Tim Pawlenty was debate night’s big loser. He walked onto that stage with one mission: to prove himself the ultra-base alternative to Romney. He failed, miserably.
Pawlenty’s failure is not the kind of stumble he can correct later. It goes to the core of the guy: offered the chance to confront Romney directly, he flinched. He did not look “nice.” He did not look like he was observing the 11th commandment. He looked uncertain and weak. He looked like a man fully aware that Romney would best him in a one-to-one discussion of healthcare policy.
Meanwhile, as Noah Kristula-Green writes, Bachmann had a very good night. She overshadowed Pawlenty, the disoriented Gingrich, crazy grandpa Ron Paul, and the absent Palin. (Question: will Bachmann’s rise ignite Palin’s mean-girl jealous streak, and impel her late into the race?)
After last night, Pawlenty’s fund-raising will sputter. He’s not exciting enough for ultra-base small donors. He does not look enough like a winner to mobilize big-dollar donors.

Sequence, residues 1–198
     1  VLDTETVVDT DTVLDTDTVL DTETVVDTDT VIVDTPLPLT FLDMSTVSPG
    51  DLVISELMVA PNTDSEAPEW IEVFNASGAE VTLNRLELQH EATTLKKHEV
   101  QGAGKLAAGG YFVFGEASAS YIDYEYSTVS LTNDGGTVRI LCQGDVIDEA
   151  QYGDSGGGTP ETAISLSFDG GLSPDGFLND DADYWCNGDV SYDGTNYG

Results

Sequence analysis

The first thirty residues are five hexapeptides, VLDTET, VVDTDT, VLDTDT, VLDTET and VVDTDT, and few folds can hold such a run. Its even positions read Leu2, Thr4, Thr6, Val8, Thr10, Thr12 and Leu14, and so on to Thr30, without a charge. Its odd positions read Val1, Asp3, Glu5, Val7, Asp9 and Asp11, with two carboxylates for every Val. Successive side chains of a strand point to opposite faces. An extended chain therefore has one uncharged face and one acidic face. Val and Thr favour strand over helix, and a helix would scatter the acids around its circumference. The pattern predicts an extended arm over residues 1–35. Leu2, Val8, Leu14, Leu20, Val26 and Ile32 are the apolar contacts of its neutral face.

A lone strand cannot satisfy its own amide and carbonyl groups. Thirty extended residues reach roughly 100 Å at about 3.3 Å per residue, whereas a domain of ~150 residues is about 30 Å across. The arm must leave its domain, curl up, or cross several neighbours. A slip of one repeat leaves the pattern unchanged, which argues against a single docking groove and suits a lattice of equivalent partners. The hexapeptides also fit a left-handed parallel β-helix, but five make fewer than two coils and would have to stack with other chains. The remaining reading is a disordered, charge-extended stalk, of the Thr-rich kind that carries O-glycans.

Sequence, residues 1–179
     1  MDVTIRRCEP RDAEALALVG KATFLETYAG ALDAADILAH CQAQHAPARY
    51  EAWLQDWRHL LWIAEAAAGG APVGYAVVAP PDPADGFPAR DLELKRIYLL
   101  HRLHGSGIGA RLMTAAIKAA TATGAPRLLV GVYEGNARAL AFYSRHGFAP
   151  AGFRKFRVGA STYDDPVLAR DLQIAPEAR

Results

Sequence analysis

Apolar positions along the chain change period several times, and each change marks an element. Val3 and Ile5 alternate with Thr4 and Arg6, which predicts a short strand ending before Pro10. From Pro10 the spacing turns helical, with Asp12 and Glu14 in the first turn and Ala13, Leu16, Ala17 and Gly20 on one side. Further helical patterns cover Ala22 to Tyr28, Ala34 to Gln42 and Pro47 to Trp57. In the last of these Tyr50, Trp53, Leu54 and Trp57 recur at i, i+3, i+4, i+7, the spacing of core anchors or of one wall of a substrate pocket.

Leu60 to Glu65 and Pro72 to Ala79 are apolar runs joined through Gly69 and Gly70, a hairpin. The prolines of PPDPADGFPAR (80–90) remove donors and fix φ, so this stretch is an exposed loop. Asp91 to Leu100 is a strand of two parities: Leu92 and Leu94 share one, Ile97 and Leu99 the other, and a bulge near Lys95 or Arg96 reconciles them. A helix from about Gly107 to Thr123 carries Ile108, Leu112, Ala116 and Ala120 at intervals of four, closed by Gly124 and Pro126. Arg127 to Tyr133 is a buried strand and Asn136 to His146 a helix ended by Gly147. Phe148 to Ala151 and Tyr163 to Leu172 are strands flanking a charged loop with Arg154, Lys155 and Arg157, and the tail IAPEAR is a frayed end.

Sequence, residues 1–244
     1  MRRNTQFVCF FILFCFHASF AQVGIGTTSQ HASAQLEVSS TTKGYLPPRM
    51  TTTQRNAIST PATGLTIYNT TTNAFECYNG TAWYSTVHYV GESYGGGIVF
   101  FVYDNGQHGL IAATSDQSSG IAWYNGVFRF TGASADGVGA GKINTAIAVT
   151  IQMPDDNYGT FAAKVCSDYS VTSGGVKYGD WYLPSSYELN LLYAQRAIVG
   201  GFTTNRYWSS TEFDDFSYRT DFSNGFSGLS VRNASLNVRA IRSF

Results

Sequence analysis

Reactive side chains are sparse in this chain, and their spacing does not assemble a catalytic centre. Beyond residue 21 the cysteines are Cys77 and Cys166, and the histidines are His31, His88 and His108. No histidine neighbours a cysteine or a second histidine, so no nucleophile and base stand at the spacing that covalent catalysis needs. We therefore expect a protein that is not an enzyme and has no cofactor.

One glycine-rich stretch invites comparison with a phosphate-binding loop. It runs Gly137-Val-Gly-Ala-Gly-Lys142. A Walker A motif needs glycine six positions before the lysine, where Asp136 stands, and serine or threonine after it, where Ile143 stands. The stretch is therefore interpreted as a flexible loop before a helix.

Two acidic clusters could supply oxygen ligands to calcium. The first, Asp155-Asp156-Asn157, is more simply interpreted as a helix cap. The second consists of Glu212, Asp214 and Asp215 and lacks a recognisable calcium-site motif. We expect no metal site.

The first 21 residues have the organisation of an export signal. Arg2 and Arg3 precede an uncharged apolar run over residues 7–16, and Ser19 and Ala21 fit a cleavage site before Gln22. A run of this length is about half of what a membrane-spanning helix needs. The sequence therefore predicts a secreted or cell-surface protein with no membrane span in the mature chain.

The cratering of Pawlenty opens an alternative space on Romney’s right. Gingrich is too damaged to seize it. Will Rick Perry try? Will Paul Ryan?
If not, I’d guess the future course of the race goes like this:
Bachmann wins Iowa. Romney wins New Hampshire. Absent Perry or Ryan, the field quickly empties out. The establishment rallies to Romney. The party follows just as it did in 1988, 1996 and 2000.
Meanwhile talk radio and Fox News goes angrier and uglier than ever. Despite Hugh Hewitt’s assurances conservative talkers won’t easily rally to Romney. They’ll be compelled instead to focus on the danger and evil of Obama. Romney’s challenge — and only hope — will be to rise above